Well, it’s been a full week since I updated this blog, and I don’t want to neglect the poor thing, as it’s my own academic Tamagochi, and needs a bit of care and attention every now and then.
Today I’ve been pouring over various books on propaganda, PR, design, design history and semiotics, in a fraught attempt to tie the whole thing together into one cohesive essay, and I’ve actually filled my personal sketchbook with notes and quotes from said books. I’ve tried to look over a pretty wide range of material, the list of which is down at the bottom of this post for my own reference more than anything.
[Meggs’ History of Graphic Design by Phillip B. Meggs / Alston W. Purvis]
One book I took a gander through was the mammoth encyclopedia of visual design that is Meggs’ History of Graphic Design, a book I’d heard plenty about, and managed to haul back from the library this morning. It’s just over 600 pages long, and isn’t the smallest piece of literature in the world, but is without a doubt the most comprehensive historical document of design that you’ll find out there. It was, for the purposes of the essay, a tad too factual, as the essay needs to tackle abstract concepts such as semiotics and Roland Barthes’concepts of dennotation and connotation in symbols used in society, but for simple facts and such it’s a handy resource.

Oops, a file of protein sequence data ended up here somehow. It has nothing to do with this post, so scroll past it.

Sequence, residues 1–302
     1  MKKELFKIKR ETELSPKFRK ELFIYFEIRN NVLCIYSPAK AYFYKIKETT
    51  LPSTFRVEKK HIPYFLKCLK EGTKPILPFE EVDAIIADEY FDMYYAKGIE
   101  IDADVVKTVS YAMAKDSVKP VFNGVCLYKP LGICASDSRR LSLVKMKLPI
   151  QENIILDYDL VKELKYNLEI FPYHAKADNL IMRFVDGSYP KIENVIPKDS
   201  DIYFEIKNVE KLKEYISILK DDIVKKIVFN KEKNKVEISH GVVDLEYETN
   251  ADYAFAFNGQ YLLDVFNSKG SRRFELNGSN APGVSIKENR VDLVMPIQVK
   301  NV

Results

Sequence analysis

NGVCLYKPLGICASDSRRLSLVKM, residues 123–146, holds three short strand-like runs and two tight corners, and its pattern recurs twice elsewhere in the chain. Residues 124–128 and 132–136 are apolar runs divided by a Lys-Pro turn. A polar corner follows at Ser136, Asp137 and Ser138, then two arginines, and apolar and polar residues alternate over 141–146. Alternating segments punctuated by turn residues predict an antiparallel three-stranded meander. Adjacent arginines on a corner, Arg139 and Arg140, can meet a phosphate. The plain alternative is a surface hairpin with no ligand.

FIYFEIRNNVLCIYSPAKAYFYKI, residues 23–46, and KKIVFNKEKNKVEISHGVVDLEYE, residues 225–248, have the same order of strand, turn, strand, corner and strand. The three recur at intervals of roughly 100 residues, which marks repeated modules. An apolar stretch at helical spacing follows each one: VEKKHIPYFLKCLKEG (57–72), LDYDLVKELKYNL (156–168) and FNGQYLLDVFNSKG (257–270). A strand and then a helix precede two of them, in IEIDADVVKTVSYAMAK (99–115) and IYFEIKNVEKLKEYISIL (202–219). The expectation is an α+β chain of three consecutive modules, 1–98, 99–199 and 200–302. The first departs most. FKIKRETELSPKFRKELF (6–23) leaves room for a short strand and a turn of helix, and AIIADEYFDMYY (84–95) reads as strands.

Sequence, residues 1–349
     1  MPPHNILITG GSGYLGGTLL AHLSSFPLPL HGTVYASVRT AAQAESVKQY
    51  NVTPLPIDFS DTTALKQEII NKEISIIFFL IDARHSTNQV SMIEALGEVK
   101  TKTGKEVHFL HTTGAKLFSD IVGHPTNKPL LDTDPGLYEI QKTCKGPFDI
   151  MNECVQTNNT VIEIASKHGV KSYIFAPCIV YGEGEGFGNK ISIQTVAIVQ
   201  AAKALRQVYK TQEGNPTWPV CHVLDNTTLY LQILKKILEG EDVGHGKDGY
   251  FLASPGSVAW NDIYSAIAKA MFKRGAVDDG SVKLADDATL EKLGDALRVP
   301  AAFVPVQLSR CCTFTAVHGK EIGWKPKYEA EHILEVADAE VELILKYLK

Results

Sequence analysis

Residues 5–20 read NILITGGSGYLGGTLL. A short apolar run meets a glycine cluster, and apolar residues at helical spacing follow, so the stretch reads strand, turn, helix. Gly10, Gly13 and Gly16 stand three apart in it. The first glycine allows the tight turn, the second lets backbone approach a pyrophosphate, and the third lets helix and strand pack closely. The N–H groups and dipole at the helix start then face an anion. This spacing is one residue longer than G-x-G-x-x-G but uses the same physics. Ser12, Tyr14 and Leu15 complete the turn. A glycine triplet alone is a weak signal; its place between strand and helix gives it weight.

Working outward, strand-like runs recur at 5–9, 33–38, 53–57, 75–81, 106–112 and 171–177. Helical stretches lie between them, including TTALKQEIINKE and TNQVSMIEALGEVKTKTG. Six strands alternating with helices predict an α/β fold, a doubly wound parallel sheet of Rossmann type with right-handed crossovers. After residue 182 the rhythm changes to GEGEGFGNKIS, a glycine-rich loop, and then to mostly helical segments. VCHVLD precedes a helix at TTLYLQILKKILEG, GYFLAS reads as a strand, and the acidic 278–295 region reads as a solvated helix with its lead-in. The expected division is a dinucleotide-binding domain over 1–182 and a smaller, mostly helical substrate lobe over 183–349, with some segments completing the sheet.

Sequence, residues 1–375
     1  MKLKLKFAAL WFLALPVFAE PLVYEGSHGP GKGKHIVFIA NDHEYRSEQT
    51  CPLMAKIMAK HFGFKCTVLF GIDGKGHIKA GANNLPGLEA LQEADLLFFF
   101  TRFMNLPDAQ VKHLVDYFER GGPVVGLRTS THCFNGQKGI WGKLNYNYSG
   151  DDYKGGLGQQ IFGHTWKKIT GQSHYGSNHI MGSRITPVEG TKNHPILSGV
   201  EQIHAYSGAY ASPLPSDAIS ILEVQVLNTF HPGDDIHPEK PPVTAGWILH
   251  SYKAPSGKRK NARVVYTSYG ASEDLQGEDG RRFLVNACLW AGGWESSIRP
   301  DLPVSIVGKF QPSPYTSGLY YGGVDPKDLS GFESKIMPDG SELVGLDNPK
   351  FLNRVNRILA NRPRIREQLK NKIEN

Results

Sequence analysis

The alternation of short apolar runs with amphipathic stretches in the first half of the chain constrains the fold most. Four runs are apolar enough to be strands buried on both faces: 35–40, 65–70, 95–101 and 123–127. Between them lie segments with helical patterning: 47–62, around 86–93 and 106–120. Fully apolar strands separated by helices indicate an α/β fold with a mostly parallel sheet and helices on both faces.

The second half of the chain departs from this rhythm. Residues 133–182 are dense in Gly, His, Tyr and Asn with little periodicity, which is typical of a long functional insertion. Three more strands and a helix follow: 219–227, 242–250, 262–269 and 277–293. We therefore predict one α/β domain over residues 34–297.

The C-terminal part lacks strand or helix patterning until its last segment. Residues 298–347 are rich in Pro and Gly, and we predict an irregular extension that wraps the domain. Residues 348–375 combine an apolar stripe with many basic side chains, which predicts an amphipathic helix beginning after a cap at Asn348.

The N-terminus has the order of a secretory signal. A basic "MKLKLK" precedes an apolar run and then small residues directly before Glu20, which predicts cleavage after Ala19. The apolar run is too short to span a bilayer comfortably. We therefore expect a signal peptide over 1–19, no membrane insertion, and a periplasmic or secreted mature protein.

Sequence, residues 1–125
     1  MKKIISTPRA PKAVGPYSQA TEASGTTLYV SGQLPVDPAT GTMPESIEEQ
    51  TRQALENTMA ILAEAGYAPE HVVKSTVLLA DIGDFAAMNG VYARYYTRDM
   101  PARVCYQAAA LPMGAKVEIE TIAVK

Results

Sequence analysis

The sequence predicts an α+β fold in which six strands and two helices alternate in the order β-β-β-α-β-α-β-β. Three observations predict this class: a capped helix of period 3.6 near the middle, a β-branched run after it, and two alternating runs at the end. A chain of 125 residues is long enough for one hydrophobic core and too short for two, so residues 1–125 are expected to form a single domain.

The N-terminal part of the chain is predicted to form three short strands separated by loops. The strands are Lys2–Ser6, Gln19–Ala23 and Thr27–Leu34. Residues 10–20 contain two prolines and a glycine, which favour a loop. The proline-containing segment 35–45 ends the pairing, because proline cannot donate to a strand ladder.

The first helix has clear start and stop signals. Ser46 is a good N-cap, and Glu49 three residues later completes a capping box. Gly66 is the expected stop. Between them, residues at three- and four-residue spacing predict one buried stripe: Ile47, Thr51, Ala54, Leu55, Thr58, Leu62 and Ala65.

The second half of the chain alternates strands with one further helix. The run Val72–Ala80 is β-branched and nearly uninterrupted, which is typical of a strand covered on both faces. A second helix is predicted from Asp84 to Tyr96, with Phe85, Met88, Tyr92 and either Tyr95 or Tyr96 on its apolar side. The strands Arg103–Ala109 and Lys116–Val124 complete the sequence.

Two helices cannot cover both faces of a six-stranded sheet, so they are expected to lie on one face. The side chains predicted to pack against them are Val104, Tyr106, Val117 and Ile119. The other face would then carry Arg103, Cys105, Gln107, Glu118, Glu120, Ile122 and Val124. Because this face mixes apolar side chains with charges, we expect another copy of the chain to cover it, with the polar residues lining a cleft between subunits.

Though it doesn’t really have a contents page. Design fail right there. It baffles me why a book would not have a contents page, and the same goes for the otherwise beautifully design Graphic Design: A User’s Manual, which I featured a couple of months ago.
Anyway, here’s the literature list I’ve gotten through over the course of my propaganda research, they’re all thrilling and rivetting in equal measures… though some of them are actually quite fine reads.
Richard Hollis Graphic Design: A Concise History
Adrian Shaughnessy Graphic Design: A User’s Manual
Phillip B. Meggs / Alston W. Purvis Meggs’ History of Graphic Design
Nancy Snow Propaganda Inc. : Selling America’s Culture to the World
Roger Silverstone The Message of Television
Marshall McLuhan The Guttenberg Galaxy
Roland Barthes Mythologies